3. The word count is very strict (4,000 characters), so start off with a longer draft and then cut it down. It will take a long time. Estimate how long you think it will take, multiply this by four, and you may be somewhere close.

4. Three main areas MUST be covered: why the course is right for your son/daughter, why they are right for the course, what extra-curricular activities they do, and how these activities are relevant to the course.

5. Perfect spelling, punctuation, and grammar is vital. A parent can help with this, or you can find someone else who can!

The main lesson I learnt
Your child will be expected to have a career path in mind, extra-curricular activities relevant to this career path, and a clear vision of how their chosen degree course will help them on the road to their career.

Quite rightly, teens often get a little spooked about being asked to fix their life’s journey at such a young age. The best thing to do is reassure them that things change; we can all have many changes of career throughout our lives. So, advise them to pick a direction and follow it until something comes along which makes them want to change. Help them explore as many potential career paths as possible.

Dr Sharon Parry is a Mum of three and a former public health research fellow. She now works as a freelance writer and shares useful tips and her thoughts and experiences of having kids in primary school, high school and university in Wales on her website www.aftertheplayground.com.

Top five food hygiene tips for freshers

Thousands of young adults fly the nest this month, as halls of residence up and down the country fill up with students. Many of them will be responsible for preparing their own food, which should not be a big deal if they’ve picked up a skill or two at home. Two things, however, are very different. They are now sharing a kitchen with complete strangers (who will admittedly become their friends in a week or so), and they do not have a parent overseeing their hygiene arrangements. This presents a few problems, so here are my five food hygiene tips for freshers, which I hope will keep them well.

1.   Do not reheat takeaway food
The obvious option for cash-strapped students! It saves them having to buy another meal, and avoids any sort of washing up. If they don’t get up until after lunch-time, chicken tikka masala or pepperoni pizza is an entirely appropriate meal to start the day. Tempting as it may be, don’t do it!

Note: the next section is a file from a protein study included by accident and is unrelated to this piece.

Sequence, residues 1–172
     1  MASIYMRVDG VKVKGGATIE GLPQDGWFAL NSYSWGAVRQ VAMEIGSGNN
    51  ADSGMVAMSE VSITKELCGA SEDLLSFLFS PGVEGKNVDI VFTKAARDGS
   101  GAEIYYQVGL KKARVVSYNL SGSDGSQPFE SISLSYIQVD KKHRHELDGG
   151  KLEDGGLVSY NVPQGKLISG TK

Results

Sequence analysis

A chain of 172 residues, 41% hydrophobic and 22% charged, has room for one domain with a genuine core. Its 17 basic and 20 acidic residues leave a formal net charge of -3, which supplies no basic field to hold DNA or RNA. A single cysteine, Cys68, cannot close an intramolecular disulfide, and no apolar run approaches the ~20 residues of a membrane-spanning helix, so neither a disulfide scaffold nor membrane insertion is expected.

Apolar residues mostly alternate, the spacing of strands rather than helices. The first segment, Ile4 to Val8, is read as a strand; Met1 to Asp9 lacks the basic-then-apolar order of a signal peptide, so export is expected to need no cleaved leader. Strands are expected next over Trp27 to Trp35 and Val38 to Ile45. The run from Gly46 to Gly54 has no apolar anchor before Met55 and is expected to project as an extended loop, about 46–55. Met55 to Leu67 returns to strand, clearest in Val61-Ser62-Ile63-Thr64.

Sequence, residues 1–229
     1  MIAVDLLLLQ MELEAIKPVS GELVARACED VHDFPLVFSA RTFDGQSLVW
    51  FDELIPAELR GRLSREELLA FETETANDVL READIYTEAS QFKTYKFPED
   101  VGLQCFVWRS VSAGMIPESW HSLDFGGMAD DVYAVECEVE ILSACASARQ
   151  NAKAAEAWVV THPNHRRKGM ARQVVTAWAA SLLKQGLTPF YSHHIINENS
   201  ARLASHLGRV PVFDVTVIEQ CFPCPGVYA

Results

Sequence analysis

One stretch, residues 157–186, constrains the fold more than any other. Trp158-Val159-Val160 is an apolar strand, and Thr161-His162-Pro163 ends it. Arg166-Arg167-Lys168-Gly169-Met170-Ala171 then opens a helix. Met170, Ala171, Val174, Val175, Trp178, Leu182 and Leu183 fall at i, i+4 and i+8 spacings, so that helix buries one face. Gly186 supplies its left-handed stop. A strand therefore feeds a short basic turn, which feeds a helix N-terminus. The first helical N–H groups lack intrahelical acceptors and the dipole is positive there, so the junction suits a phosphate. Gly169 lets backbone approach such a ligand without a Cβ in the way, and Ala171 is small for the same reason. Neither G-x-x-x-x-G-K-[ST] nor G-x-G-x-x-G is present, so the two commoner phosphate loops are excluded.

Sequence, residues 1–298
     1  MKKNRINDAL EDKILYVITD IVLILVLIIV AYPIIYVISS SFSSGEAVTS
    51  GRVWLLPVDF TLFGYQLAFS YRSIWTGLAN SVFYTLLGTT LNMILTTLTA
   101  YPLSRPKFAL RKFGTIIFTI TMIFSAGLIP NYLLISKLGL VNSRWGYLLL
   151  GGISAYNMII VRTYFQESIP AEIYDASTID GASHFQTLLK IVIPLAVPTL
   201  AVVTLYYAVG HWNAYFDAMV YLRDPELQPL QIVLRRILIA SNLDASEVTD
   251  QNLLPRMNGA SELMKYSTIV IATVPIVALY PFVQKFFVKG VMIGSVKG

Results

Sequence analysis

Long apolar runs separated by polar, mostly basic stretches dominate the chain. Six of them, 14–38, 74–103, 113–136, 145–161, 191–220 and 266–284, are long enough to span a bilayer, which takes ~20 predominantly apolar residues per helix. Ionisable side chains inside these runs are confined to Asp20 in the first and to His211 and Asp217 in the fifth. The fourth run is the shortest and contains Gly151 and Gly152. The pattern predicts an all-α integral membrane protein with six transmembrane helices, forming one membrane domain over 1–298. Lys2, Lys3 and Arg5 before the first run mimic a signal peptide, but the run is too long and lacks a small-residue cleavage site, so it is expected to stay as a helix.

This food has spent the last 12 hours on the arm of the sofa/bottom of the bed/lounge floor, at the nice warm temperature pathogens love. So, by the time you come to eat it for the second time there could be millions of them. Yes, you can try to blast them with your shiny new microwave, but you will not necessarily reach them all, and will have no chance of getting rid of heat-stable toxins.

2.       Treat raw chicken as if it is nuclear waste
This should apply to all meat, but I have picked on chicken because it is a fairly cheap meat which comes in conveniently small portions, making it a popular choice with students. While stereotyping is quite rightly frowned upon in almost all walks of life, it is perfectly acceptable when it comes to food hygiene. Raw chicken is the bad guy, and you are perfectly within your rights to assume every piece of raw chicken is contaminated with bugs which can make you very ill. Don’t handle it much. Don’t put it on lots of surfaces. Do keep it wrapped up in its plastic tray and then empty it straight into the pan you are cooking it in. Then chuck the wrapping straight in the bin and wash your hands.

3.       Protect your cooked food
If raw chicken is the bad guy, cooked food is the vulnerable victim. It needs protection. Anything which goes straight into your mouth without going in the hob/oven/microwave falls into this category. Cover it up, put it in a sealed bowl. Buy cling film – lots of it. If it is not covered up, you do not know what your flatmates may accidentally drop on it or drag across it.

4.       Wash it before you use it